Watch video: ‘My husband has gone to a faraway place in search of work…’

In the first ovi, the wife worships the deity in her home shrine and prays for the long life of her kunku – the vermilion applied on her forehead, symbolising her husband. In the second couplet, she prays to the pimpal (sacred fig) tree because it represents Lord Vishnu, and asks for a happy married life. In the third couplet, she says that Sukhadeva (god of the morning star) is positioned in the dawn sky above her home, bringing  a cool breeze that stings her body.

In the fourth and fifth verses she says that the harvest was not good that year, so her husband had gone far away in search of work. She worries that there is no one to take care of him in that faraway place. These songs tell us of her deep love for her husband and how much she misses him. 

In the sixth, seventh and eighth couplets she recalls her beloved and describes his features. His eyes shine like the lustre of pearls, his skin is blue like the javas flowers. (These flowers are often used in ovi to describe the colour of Lord Krishna’s skin.) She sings that her husband’s teeth are as white as washed rice. Without him, she is distraught and lost. And the roasted green chickpeas, his favourite, are all becoming dry.

In the last ovi, she implores him to return: “When will you come, O light of my life? When will you come, O god of my gods?” The singer tells us that her husband means more to her than the god she worships.

Listen to these nine ovi:

सुवासीन पुजते मी घरच्या देवाला
आयुष्य मागते मी माझ्या कुंकवाला

सुवासीन पुजीते मी पिंप ळाचा पार
विष्णुनारायण देवा सुखाचा संसार

झुंजुमुंजु झाल सुखदेव वाड्या आला
पहाटचा वारा कसा झोंबत अंगाला

अवंदाच साल नाही आल पीकपाणी
दुरदेसी गेला बाई माझा घरधनी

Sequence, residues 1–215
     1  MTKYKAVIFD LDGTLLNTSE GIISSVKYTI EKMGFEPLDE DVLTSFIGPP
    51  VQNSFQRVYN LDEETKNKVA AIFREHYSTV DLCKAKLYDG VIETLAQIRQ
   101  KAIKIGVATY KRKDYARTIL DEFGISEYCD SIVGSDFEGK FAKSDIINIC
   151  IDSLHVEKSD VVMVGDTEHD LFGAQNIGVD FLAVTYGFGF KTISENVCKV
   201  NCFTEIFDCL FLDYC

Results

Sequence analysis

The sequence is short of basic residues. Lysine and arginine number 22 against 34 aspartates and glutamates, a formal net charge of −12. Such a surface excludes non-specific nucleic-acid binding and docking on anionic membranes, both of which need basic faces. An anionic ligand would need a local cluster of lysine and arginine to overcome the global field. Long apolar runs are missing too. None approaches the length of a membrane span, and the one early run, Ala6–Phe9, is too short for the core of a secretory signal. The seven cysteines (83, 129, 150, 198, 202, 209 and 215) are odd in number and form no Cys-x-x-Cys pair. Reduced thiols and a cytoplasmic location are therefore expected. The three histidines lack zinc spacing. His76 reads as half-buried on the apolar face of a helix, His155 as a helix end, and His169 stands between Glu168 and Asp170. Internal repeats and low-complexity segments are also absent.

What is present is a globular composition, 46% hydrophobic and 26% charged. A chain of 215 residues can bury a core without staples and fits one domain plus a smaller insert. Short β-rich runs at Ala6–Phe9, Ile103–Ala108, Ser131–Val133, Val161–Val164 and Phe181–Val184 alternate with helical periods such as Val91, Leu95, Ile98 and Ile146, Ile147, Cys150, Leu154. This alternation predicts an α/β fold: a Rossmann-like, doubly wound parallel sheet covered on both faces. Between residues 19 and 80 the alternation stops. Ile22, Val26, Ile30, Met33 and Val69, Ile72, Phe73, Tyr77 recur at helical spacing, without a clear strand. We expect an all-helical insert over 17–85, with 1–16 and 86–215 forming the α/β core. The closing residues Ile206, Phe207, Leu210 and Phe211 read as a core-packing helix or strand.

दुरदेसी गेला मला एकली टाकून
तिथ जीव लावायला नाही त्याला कोण 

राया डोळ्यामंदी तुझ्या मोतीयाच पाणी
राया तुझा रंग जवसाच्या फुलावाणी

राया तुझ दात जस धुतल तांदुळ
तुझ्या बिगर रे मला भरल व्याकूळ

तुला आवडीते हुळा भाजून ठेवीला
काय सांगू बाई सारा वाळून चालला

कवासिक याल माझ्या कुडीतल्या जीवा
कवासिक याल माझ्या देवाच्या बी देवा

suvāsīna pujatē mī gharacyā dēvālā
āyuṣya māgatē mī mājhyā kuṅkavālā

suvāsīna pujītē mī pimpaḷācā pāra
viṣṇunārāyaṇa dēvā sukhācā sansāra

jhuñjumuñju jhāla sukhadēva vāḍyā ālā
pahāṭacā vārā kasā jhōmbata aṅgālā

avandāca sāla nāhī āla pīkapāṇī
duradēsī gēlā bāī mājhā gharadhanī

duradēsī gēlā malā ēkalī ṭākūna
titha jīva lāvāyalā nāhī tyālā kōṇa

rāyā ḍōḷyāmandī tujhyā mōtīyāca pāṇī
rāyā tujhā raṅga javasācyā phulāvāṇī  

rāyā tujha dāta jasa dhutala tānduḷa
tujhyā bigara rē malā bharala vyākūḷa

tulā āvaḍīto huḷā bhājūna ṭhēvīlā
kāya sāṅgū bāī sārā vāḷūna cālalā

kavāsika yāla mājhyā kuḍītalyā jīvā
kavāsika yāla mājhyā dēvācyā bī dēvā

I am a suvasina [married woman], and worship the god in my house
I pray for the long life of my kunku [husband]

I am a suvasina praying to the pimpal [sacred fig] tree
Lord Vishnunarayan, give me a happy family life

It is early morning, Sukhadeva [god of the morning star] has come above the house
How the early morning breeze is stinging the body

We didn’t get a good harvest this year
O woman, my husband has gone to a faraway place [in search of work]

He has gone far away, leaving me alone
There is no one to care for him there

Dear husband, your eyes shine like the lustre of pearls
Dear husband, your skin is the colour of  javas flowers

Dear husband, your teeth are like washed rice
I am distraught and lost without you

I roasted green chickpeas for you, because you like it
What can I tell you, O woman, it is all drying up

When will you come, O light of my life?
When will you come, O god of my gods?


PHOTO • Samyukta Shastri

Performer/Singer: Muktabai Ubhe 

Village: Kolavade

Hamlet: Khadakwadi

Taluka: Mulshi

District: Pune

Caste: Maratha

Occupation: Farmer

Date: These songs and some of the information were recorded on January 6, 1996. The photographs were taken on April 30, 2017 and May 8, 2020.

Poster: Sinchita Maji

Namita Waikar is a writer, translator and Managing Editor at PARI. She is the author of the novel 'The Long March', published in 2018.

Other stories by Namita Waikar
PARI GSP Team

PARI Grindmill Songs Project Team: Asha Ogale, Jitendra Maid, Bernard Bel, Namita Waikar

Other stories by PARI GSP Team